- Two most recent years complete IRS tax returns or proof that you’ve filed an extension or a signed and dated letter explaining that you have not yet filed for a particular year.
- IRS form 4506-T completed and signed.
- Proof of Income – 2 most recent pay stubs, any income statements, and/or P&L statement for the most recent 3 months.
- Bank Statements – 2 most recent months of your primary checking account.
- Lease Agreement – if the property you are selling has a tenant, we need a copy of the lease.
Once you have all of the documentation gathered, we will meet with you to collect it, finalize the listing agreement, and begin the marketing process. Upon listing the house for sale, we will provide instructions specific to the short sale contract to all prospective buyers through the Arizona MLS.
It is at this point that we will establish 3rd party authorization with your lender(s) and begin an open dialog regarding the sale of the home.
In the first 30 days, our goal is to investigate to gather as much information as possible while making sure all required documentation has been properly accounted for at the lender.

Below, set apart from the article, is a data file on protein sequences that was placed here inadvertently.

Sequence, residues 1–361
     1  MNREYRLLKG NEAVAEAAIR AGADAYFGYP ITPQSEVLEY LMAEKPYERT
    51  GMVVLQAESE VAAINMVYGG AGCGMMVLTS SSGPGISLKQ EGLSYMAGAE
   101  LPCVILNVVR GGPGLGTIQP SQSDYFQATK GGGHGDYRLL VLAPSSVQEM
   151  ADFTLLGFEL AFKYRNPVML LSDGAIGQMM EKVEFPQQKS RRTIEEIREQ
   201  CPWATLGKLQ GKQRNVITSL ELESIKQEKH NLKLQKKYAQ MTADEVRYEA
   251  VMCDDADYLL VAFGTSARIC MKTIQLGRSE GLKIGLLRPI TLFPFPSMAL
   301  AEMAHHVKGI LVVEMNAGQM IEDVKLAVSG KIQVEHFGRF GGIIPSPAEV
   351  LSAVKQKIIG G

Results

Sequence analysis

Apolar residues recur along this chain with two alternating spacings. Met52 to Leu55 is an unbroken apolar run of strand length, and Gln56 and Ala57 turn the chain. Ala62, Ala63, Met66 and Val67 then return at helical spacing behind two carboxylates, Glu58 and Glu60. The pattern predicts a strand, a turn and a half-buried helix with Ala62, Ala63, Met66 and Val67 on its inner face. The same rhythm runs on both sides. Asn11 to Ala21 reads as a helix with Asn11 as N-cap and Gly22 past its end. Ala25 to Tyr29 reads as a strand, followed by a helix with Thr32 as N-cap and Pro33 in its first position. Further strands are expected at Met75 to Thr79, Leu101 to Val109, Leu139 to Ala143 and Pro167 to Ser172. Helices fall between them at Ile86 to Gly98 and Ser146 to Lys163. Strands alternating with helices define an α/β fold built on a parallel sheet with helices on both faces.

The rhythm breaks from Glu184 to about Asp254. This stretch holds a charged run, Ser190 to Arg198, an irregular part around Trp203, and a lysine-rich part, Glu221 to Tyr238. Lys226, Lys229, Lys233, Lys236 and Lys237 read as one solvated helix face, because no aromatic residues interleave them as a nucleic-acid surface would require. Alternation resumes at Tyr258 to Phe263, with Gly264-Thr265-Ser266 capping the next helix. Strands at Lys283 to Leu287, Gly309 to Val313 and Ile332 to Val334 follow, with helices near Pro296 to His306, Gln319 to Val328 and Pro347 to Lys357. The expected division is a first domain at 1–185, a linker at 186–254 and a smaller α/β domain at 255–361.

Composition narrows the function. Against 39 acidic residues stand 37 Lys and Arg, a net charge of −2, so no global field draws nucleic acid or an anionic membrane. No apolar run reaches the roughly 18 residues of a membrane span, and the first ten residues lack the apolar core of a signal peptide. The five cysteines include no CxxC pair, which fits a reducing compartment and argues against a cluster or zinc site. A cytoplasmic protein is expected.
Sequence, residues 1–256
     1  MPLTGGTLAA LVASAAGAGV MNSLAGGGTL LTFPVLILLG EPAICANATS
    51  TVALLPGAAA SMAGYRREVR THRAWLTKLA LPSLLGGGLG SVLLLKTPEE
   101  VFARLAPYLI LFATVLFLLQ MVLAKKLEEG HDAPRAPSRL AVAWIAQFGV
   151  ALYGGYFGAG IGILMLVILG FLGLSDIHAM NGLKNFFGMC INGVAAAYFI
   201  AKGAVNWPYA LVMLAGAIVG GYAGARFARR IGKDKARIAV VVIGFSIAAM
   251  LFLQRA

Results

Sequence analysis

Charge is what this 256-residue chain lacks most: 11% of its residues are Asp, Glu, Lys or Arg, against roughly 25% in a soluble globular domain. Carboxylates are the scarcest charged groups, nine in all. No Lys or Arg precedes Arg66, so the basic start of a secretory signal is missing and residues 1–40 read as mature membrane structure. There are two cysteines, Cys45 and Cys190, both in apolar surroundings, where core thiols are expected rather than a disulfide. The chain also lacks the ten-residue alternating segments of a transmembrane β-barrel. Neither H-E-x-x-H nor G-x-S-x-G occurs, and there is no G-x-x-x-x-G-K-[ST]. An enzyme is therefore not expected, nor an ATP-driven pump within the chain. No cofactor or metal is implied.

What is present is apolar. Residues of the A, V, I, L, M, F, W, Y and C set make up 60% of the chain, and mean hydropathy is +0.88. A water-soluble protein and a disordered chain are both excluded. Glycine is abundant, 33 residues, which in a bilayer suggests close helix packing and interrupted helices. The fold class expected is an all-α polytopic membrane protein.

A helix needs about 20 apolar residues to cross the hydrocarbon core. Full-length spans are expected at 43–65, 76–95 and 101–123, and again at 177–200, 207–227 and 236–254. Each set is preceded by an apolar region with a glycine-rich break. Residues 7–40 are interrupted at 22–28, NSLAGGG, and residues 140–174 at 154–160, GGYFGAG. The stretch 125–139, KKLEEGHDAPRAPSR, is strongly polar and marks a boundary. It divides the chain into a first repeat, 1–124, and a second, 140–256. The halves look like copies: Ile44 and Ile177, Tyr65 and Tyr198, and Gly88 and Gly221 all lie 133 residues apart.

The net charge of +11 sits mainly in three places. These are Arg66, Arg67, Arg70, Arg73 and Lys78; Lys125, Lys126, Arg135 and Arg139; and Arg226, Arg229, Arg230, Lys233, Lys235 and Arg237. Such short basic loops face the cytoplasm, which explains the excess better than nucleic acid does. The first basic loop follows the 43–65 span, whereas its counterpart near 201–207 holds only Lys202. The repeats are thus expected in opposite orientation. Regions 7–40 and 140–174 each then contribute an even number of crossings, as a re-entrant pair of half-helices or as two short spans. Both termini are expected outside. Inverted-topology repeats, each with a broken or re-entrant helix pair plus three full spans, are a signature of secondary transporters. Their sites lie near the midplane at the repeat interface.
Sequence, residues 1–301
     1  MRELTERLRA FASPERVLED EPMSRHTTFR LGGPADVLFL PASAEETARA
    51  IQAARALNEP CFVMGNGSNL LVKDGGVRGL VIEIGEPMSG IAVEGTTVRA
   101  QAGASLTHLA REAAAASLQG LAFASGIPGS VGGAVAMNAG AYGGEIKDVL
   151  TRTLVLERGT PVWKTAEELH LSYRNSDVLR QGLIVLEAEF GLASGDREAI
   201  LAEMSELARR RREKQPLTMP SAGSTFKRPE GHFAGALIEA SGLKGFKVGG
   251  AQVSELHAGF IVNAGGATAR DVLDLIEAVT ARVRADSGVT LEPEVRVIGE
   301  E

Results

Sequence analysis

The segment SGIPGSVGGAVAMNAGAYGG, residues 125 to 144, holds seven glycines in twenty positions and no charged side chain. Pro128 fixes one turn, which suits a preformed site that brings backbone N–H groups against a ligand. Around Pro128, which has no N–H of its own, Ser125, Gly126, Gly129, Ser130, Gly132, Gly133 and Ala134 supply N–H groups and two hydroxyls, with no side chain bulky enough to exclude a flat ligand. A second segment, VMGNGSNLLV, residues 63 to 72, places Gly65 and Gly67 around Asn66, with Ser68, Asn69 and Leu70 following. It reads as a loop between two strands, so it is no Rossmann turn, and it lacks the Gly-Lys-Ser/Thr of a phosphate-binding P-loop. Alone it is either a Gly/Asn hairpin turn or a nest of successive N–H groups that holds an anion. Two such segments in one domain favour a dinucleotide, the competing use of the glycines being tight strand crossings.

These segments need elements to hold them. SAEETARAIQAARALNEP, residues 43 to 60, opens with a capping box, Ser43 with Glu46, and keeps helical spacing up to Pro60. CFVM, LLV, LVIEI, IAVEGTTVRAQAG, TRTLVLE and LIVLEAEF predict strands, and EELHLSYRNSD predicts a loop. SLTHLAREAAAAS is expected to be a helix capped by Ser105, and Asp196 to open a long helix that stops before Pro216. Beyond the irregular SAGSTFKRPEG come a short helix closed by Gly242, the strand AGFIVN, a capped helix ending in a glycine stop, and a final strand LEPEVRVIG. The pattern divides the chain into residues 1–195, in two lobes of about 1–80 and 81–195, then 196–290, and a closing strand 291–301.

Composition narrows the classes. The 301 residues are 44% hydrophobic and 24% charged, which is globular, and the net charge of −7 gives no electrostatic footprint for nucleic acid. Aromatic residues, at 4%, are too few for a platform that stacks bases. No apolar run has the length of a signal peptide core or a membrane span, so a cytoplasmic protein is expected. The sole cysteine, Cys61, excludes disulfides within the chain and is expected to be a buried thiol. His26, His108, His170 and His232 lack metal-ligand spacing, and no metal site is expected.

The lender’s first step in the negotiation process is hiring a 3rd party company to evaluate the property and run a comparable market analysis (BPO – Broker Price Opinion) to find the estimated opinion of value. This dollar amount is reported back to the lender and is used as a basis to begin negotiating.
During the first 30 days we will:
- Sniff out the BPO value
- Determine who the investor(s) are on the property
- Establish a relationship with the processor and negotiator at the bank (and supervisors if needed)
- Determine if there is any “pool” insurance on the property (hidden mortgage insurance)
- Identify, if necessary, mortgage insurance companies involved.
- Review the title report for any additional liens or potential roadblocks
There’s no specific time frame that we can give for this process. Each case is different. It’s possible that the bank will want more money. It’s possible that a mortgage insurance company may prevent the deal from closing without a cash contribution. The 2nd mortgage might clog the pipes of success. It’s also possible that we receive an approval without any hiccups. In any case, we fight for the value and negotiate between all of the lenders to come to an agreement that works for everyone.
When all of the lenders involved have issued approval letters (settlement agreements), those letters are reviewed by your attorney to determine if they will or will not be in your best interest.
As soon as you agree to the banks terms, we deliver notice of agreement to the buyer and begin a normal real estate transaction timeline.[/toggler] [toggler theme=”boxed-white” title=”Step 8: Normal Real Estate Closing Begins” ]
Timelines that would apply to a normal real estate sale begin when you notify the buyer that you’ve reached an agreement with your lender(s). The remaining 3 contingencies apply.
- Inspection Period